Project Name. Translation of Gargzdai (Gorzd), Lithuania Yizkor Book
Gargzdai (Gorzd), Lithuania Yizkor Book
Dr. Carol Lieberman
JewishGen Yizkor Book Project Manager: Lance Ackerfeld
The first mention of Gorzd is in the writings of the Crusaders in 1253. The Jewish community of Gorzd was one of the first in Lithuania. In 15th century documents Jews are mentioned as appointees for collecting customs duties. In 1639, King Wladislaw IV promised Jews full privileges of citizenship. The German army captured the town on June 22, 1941, and between then and September 1941 destroyed the Jewish population. From 1959-1989 one Jew lived in Gorzd.
In 1980 the Gargzdai survivors published a 496-page yizkor book, Sefer Gorzd; ayara be-hayeha u-be-hilyona (Gorzd book; a memorial to Jewish community of Gorzd), Edited by Yitzhak Alperovitz (Tel Aviv, The Gorzd Society, 1980). There are 417 pages in the Hebrew/Yiddish section and 79 in the English section. Only a few chapters are now online at http://www.jewishgen.org/Yizkor/Gargzdai/Gargzdai.html, including a necrology and an index of names. JewishGen requires the services of a professional translator to complete the translation of the remaining 403 pages of Hebrew and Yiddish text.
Jewish genealogists seeking to trace their roots in this town constitute the primary audience for the material. However, the material has the potential to be of broader interest to scholars specializing in Jewish history and society in this region.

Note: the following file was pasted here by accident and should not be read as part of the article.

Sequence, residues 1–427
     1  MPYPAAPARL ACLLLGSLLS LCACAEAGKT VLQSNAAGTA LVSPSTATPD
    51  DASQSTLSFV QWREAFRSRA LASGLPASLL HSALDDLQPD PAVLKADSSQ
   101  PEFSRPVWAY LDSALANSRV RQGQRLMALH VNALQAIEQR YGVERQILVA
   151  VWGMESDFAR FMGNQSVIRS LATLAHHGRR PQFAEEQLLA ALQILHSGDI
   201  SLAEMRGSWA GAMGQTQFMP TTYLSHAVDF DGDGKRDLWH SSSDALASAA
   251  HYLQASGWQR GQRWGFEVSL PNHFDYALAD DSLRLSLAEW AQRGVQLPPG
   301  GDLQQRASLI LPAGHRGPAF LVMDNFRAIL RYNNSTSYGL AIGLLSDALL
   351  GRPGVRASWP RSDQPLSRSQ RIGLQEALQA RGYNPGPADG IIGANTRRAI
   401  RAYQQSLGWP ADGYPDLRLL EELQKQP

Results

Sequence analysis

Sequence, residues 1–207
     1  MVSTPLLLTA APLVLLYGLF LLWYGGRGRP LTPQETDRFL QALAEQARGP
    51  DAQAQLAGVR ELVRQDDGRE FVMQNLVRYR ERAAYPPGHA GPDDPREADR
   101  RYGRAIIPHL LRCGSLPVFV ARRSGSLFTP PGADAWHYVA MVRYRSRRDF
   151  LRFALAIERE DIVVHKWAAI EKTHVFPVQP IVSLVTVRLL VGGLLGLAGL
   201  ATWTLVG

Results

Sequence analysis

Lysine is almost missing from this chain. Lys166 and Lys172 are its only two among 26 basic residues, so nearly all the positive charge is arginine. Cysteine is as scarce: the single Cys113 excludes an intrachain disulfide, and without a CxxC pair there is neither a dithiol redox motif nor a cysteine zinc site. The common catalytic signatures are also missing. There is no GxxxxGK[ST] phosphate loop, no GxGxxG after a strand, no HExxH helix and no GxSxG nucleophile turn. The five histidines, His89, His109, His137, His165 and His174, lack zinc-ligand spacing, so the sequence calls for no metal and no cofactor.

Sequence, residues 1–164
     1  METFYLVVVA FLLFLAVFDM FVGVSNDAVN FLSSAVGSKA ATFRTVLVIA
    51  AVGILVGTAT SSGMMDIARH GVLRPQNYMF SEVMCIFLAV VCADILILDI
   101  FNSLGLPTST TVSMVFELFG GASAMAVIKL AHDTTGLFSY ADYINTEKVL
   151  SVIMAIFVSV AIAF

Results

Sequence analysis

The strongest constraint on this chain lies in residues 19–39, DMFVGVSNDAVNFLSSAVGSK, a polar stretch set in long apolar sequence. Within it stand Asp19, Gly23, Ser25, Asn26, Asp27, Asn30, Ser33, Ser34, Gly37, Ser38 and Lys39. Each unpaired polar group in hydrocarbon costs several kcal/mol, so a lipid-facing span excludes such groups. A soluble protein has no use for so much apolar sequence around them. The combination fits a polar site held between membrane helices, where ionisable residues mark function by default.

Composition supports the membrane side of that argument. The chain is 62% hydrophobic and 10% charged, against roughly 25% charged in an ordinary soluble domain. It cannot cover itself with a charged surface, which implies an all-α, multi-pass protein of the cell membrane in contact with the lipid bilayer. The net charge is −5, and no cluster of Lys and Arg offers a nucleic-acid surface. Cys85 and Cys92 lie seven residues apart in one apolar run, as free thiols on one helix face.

Yizkor books are unique sources of information on once vibrant towns, primarily in central and eastern Europe, whose Jewish populations were destroyed in the Holocaust. Written after World War II by émigrés and Holocaust survivors, yizkor books contain narratives of the history of the town, details of daily life, religious and political figures and movements, religious and secular education, and gripping stories of the major intellectual and Zionist movements of the 20th century. The necrologies and lists of residents are of tremendous genealogical value, as often the names of individuals who were taken to extermination camps or shot in the forests are not recorded elsewhere. Usually written in Hebrew or Yiddish, these important books are not accessible to most users, who cannot read these languages. Thus, the translation of these books into English unlocks this information to many more researchers all over the world. The JewishGen Yizkor Book Project received the award in 2002 for outstanding contribution to Jewish genealogy by the International Association of Jewish Genealogical Societies.
In 1897, the town's 1,455 Jews represented 59% of the total population. Slightly more than 1,000 Jews, or about 30% of the town's population, lived in Gorzd in 1939. The Jews dominated commerce in the area in the 20th century. Between September 14 and 16, 1941, all the remaining women and children were killed in a mass grave in the forest. Only one woman, Rachel Yomi, pretended to be dead and lived to be the single witness to the mass killing in the forest.
Approximately 403 pages of Hebrew and Yiddish text remain to be translated and put online at http://www.jewishgen.org/Yizkor/Gargzdai/Gargzdai.html. To accomplish that JewishGen will hire a professional translator. The project coordinator will select the order in which to translate the chapters and will work closely with the translator to ensure a grammatically correct and idiomatic translation. Specific tasks the project coordinator will perform include proofreading, editing, and preparing the work for submission to the Yizkor Book Project.
Estimated Cost. $14,600
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Updated 5 Oct 2009 by LA